The financial environment makes bankers behave badly and become prone to dishonesty, new research has shown.
Public opinion surveys placed bankers amongst the leaat-trusted members of society, below even criminals and prisoners. This label might not be so wide of the mark, though, with a study in Switzerland showing that bankers playing a simple game are prone to cheat.
Writing in Nature, Michel Marechal and his colleagues at the University of Zurich recruited over one hundred financiers to play a simple coin-tossing game. The participants were told to toss the coin and report whether they had thrown a heads or a tail. Through chance alone, half of the throws should return heads. The players were also told that for every head they would win $20.
Critically, the throws were unobserved, so the bankers could elect to cheat if they wished and mis-report their outcomes to push up their winnings. But before they played the participants were asked some questions carefully chosen to make them think about their leisure activities or home-lives, or to put them into a banking mindset, by asking them about their work.
When the participants were primed in this way to think about out-of-work activities, there was no evidence of cheating - the win rates they reported were exactly what would be expected through random chance, showing that they were playing honestly. But when the players were primed first with work-related questions they began to be dishonest, reporting significantly more wins across the group than would be expected.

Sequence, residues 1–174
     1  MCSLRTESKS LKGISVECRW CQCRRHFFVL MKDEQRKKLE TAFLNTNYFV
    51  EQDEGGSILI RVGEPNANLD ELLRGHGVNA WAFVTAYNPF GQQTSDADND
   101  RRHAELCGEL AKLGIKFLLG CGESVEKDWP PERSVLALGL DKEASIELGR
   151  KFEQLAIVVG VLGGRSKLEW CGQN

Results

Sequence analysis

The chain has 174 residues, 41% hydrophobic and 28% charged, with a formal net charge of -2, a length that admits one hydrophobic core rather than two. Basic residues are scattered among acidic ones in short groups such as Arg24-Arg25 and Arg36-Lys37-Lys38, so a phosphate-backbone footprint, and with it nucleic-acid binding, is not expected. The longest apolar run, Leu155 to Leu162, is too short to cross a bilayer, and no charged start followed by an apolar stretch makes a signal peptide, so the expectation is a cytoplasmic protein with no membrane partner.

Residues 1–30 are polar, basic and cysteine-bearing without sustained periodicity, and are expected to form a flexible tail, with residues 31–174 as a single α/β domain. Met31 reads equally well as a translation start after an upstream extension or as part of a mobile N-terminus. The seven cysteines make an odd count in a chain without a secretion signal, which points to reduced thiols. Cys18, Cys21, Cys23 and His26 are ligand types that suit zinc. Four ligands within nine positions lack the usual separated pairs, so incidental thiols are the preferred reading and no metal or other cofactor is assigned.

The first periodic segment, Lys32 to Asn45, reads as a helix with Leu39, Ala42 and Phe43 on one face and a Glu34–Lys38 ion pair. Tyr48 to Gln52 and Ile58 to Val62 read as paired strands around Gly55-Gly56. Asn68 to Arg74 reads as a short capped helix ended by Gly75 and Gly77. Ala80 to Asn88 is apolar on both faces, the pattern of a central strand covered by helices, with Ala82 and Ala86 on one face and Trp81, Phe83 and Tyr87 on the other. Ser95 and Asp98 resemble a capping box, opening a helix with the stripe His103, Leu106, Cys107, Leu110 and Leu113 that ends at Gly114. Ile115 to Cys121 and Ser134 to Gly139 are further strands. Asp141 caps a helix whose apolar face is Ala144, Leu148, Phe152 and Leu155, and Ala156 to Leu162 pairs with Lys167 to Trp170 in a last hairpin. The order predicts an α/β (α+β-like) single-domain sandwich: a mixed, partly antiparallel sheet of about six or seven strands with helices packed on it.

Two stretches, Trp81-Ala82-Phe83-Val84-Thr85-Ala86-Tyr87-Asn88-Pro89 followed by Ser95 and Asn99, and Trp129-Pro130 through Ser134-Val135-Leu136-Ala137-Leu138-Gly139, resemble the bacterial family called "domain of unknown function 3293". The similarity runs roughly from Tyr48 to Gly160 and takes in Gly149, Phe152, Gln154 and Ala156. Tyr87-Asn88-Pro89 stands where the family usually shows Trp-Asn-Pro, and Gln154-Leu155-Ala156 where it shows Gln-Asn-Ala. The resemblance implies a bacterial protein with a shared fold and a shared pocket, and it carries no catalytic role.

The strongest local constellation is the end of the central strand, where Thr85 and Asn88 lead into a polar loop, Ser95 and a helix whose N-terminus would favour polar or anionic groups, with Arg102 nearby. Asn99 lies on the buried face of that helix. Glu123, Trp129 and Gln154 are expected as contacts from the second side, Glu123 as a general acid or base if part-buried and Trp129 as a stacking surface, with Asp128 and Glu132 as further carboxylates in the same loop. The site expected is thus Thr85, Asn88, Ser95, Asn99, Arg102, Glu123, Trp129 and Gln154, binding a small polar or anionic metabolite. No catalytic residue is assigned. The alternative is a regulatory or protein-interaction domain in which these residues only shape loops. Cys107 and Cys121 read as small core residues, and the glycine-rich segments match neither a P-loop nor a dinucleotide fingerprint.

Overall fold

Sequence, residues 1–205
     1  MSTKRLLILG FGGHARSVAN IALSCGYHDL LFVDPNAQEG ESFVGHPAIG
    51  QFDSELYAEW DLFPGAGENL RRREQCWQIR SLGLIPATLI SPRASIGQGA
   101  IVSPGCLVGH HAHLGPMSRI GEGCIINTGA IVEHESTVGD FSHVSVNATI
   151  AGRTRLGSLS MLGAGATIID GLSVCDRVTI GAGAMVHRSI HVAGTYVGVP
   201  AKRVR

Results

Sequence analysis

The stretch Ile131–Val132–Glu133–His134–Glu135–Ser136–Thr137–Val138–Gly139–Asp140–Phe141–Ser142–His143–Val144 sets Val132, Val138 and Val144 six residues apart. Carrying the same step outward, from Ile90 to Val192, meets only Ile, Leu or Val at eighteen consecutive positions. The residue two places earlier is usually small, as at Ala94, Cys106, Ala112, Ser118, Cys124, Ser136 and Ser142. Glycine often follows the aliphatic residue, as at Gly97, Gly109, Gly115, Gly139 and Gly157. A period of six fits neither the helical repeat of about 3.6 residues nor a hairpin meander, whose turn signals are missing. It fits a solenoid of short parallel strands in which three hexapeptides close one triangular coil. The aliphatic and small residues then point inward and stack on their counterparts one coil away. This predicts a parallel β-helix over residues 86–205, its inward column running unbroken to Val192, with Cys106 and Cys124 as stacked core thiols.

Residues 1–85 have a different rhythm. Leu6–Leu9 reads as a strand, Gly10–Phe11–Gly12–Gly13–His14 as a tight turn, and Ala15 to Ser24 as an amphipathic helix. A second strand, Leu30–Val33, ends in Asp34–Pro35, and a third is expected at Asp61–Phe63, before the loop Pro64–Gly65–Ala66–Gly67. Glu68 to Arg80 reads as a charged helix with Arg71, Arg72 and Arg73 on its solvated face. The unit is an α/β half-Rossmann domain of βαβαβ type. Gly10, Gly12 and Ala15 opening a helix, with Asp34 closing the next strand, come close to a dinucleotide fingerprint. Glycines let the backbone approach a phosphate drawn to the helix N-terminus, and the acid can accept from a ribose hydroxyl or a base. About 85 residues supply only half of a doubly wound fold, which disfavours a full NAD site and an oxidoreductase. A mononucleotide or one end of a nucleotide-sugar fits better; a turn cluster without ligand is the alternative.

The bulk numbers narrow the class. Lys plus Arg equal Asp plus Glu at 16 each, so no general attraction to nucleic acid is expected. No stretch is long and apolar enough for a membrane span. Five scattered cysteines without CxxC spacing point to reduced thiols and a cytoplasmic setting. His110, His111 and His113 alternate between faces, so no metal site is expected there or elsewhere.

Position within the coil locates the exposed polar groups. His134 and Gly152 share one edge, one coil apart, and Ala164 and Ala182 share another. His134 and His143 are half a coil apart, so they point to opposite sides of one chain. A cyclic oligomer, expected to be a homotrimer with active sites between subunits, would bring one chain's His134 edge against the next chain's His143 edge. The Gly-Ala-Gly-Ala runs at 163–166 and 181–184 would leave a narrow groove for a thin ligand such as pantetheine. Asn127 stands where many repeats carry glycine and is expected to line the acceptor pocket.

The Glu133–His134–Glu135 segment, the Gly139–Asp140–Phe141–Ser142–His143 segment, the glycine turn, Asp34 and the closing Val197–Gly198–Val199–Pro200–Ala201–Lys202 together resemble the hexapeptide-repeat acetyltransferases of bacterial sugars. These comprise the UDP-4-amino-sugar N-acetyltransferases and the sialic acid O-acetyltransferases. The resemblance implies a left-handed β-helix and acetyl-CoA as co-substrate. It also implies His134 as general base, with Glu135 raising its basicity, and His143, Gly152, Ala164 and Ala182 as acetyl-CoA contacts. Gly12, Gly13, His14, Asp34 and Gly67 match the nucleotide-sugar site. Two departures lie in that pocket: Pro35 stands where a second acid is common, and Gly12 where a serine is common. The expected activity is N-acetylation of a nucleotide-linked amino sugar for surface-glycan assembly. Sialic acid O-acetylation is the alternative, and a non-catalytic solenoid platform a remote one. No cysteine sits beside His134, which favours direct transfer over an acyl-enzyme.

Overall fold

"It's not so much the banking sector attracts dishonest individuals, because when they weren't thinking about work these people behaved honestly," says Marechal. "But when they are in their work mindset, then they begin to cheat." Instead Marechal speculates that it is the environment in which they work that skews banker's perceptions of what is morally or socially acceptable behaviour.
"The banks should do more to cultivate a culture of good behaviour. I think perhaps these people should take an oath similar to the Hippocratic oath sworn by doctors."
I think you would find pretty much the same behaviour in any industry that pays bonuses for hitting targets with other people's assets. Recent revelations about police records and health service administration show what happens when management isn't actually in touch with the product, and targets are not related to actual achievement. Politics is the ultimate example of statistical cynicism: politicians claim credit when people are happy, and explain the necessity for hardship when they aren't, but they are not actually capable of controlling anything except their own salaries. alancalverd, Fri, 21st Nov 2014
I would think it would be an over-exaggeration to say that all "bankers" are dishonest. I have always assumed that the bank tellers that I come face to face with are generally honest in, and out of their work.
The interesting thing about this study is that they controlled quite carefully for the issues that Alan raises. Also, the bankers behaved themselves when they weren't thinking about work - it was only when they were primed to adopt a banking mindset that they began to cheat. Other occupations did not succumb in the same way, and that was the main thrust of the findings - it's the environment that has reset the social norms in the bankers. chris, Sun, 23rd Nov 2014